Coping with grief is a complex thing. There is no right or wrong way to grieve, regardless of what situation or trauma you are experiencing. Losing something or someone can have a devastating impact on your life and mental health. However, understanding grief can make the process a bit easier on your mind.
What is grief?
Grief is the emotion you experience after losing someone or something from your life. This emotion can be profound, especially if the loss was a large one. For many people, navigating through the stages of grief can be a strange, complex process – one that can be overwhelming with no support.
It can come from experiencing a host of different events in your life, as well. Some examples are losing a loved one, ending a romantic relationship, losing a friend, receiving a devastating diagnosis, loss of financial stability, or any other loss that significantly disrupts your life.
What are the stages of grief?
Developed by Elisabeth Kubler-Ross, the five stages of grief are emotions that people go through during the grieving process. It is important to remember that you can move through the stages differently than others, and you may experience them out of order. They are:
- Denial. This helps to make the pain not seem so large, by dismissing it and denying that it’s even happening.
- Anger. It’s normal to feel angry during the grieving process, especially while you are trying to adjust a life without whatever you lost. Anger allows us to express ourselves without putting us in a very vulnerable state.
- Bargaining. When we lose someone or something we love, sometimes it can feel that if we give up something or promise something, the pain will lessen. An example of this would be promising to be a better person to cure a loved one’s cancer diagnosis. These bargains are often directed at a higher power, as faith plays a large role in the grieving process for many.
- Depression. This is a normal thing to experience when you are grieving. Once the reality of the situation sets in, our level of sadness can grow to a point where it starts to affect how we are able to live.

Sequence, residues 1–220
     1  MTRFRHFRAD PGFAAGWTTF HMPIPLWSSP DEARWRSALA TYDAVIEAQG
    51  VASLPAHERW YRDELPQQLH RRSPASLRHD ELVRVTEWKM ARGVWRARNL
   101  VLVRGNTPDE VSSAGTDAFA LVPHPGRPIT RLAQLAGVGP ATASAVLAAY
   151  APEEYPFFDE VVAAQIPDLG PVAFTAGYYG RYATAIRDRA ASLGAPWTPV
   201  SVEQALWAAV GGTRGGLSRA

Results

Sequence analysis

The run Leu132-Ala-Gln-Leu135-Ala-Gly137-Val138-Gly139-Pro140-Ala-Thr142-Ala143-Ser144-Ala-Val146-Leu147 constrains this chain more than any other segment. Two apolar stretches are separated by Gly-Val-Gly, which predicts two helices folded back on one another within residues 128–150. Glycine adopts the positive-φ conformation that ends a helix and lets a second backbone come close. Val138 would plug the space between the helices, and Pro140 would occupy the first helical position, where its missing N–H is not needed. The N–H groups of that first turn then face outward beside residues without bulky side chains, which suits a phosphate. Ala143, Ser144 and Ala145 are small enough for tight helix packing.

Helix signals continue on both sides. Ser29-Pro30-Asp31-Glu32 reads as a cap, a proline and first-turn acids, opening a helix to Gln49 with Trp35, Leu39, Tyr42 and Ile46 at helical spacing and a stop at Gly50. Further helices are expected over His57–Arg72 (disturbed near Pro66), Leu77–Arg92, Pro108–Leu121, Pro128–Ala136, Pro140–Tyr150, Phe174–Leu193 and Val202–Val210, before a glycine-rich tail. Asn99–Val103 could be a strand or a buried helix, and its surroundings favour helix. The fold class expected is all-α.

- Acceptance. Accepting the reality of the situation is perhaps the hardest stage of grief to come to. When you enter the stage of acceptance, you are coming to terms with your loss and beginning to experience less of the other symptoms like denial or anger.
How do people cope with grief?
Just like no grieving process is the same, no one copes with grief in the same way. The things that will help you heal from a loss are entirely dependent on your situation, meaning that what works for someone else might not work for you – and vice versa. You may cope differently through each stage of grief, as well. Things like journaling, getting active, staying connected with others, and thinking about the positive memories you have with the loss are some great healthy coping mechanisms when you are grieving.
Grief can be an insurmountable amount of pain to deal with alone. Seeking therapy can be another great way to help deal with grief. There is no reason why you should have to deal with grief alone.
At Kentucky Services, we have many opportunities for you to learn how to cope with your grief. Our trained mental health professionals can help you through your grief, whether it’s in one session or multiple.